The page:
Richmond City School Board Meeting: End of Year Reflection

On March 20th, a group of UR undergraduate and professional studies students had the opportunity to attend the Richmond City School Board meeting hosted at MLK Middle School. The school board excursion was sponsored by the Bonner Center for Civic Engagement and URGov so students could learn more about the local education system in Richmond and get insight into how policy is made and deliberated. 

During the excursion, UR attendees first received an overview of the school board’s responsibilities from distinguished professor and lawyer Wendell Roberts, who has extensive experience in education policy in his home state of Pennsylvania. Students then had the opportunity to ask questions before the meeting began, where much was discussed on the recent budget proposal and funding mechanisms for Richmond Public Schools (RPS). Conversations also centered around the school board’s lack of authority to raise funds on their own along with the political ramifications of giving the city council significant influence over the school district budget. According to Roberts, the Richmond City School Board cannot raise funds via property taxes to support its budget, which can handicap its policy-making capabilities.

After discussions, students filed into the auditorium and listened to the public comment period of the school board meeting, in which teachers and members of the public expressed their frustration over a variety of issues. Some parents shared their concerns about student safety and bullying in schools, and how it has negatively impacted their children’s mental and physical well-being. Also mentioned were concerns over how to best prepare students for an increasingly changing workforce, which will be a key concern for the school district going forward. 

However, the most widely discussed issue of this meeting was the recent 2-week contract cut to CTE teachers, which many teachers and staff from RPS lamented as a show of bad faith from the school board. According to a report from local news station WRIC, CTE teachers would work 2 fewer weeks out of the year under recent contract restructuring, leading to a salary cut for those impacted. One of the public concerns was the hasty way school officials implemented this policy, with little to no beforehand notice that these changes would take place. At the meeting, many spoke in solidarity with the CTE teachers and criticized district policy.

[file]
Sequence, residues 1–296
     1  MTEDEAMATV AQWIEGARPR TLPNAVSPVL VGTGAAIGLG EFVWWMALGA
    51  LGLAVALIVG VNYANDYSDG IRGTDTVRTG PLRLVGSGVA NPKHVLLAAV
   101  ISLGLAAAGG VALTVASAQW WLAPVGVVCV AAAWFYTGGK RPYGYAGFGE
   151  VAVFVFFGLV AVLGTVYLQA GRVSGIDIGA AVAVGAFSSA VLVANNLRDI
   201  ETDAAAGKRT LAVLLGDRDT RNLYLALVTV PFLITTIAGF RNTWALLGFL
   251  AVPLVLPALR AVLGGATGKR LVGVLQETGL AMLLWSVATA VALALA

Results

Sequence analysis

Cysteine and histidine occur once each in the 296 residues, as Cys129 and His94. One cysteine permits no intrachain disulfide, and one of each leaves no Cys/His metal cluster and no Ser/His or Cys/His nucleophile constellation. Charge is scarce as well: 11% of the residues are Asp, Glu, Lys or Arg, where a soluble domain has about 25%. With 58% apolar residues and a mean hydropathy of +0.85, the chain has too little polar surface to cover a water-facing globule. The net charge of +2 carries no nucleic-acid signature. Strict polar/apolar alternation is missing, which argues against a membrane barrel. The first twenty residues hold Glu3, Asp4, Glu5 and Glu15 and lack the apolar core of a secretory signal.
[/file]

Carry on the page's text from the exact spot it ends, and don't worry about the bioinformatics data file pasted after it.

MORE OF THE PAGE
The school board meeting was just one example of the criticisms the district has received over the years. The school board has often had to address issues surrounding school safety and has disagreed with principals and school administrators over student suspensions. Recently, the School Board’s Disciplinary Committee has overturned around 90% of principal recommendations (CBS 6 Local News) for student suspensions, which has led to some frustration among school faculty and parents. While critics argue the district has not prioritized safety, some board members contend that high suspension rates only fuel the school-to-prison pipeline and thus try to find alternative approaches to correcting student conduct. Along with this issue, the district will also look to address a rising dropout rate amongst high school students along with other funding concerns in the coming years. Ultimately, RPS and many school districts across the country will have to address these critical issues as a new normal in student learning sets in. In the past few years, education policy has been in the media spotlight. Along with academic achievement deficits and learning disruption caused by the pandemic, school districts across the country have also faced controversies stemming from book banning to curriculum overhauls. To help give students more insight into the democratic process and learn more about key education issues, URGov and the CCE will continue their trips to the school board next year and connect with educators and experts in this issue area. These experiences will always be open to students from any academic background, and we hope you take advantage of these opportunities! 

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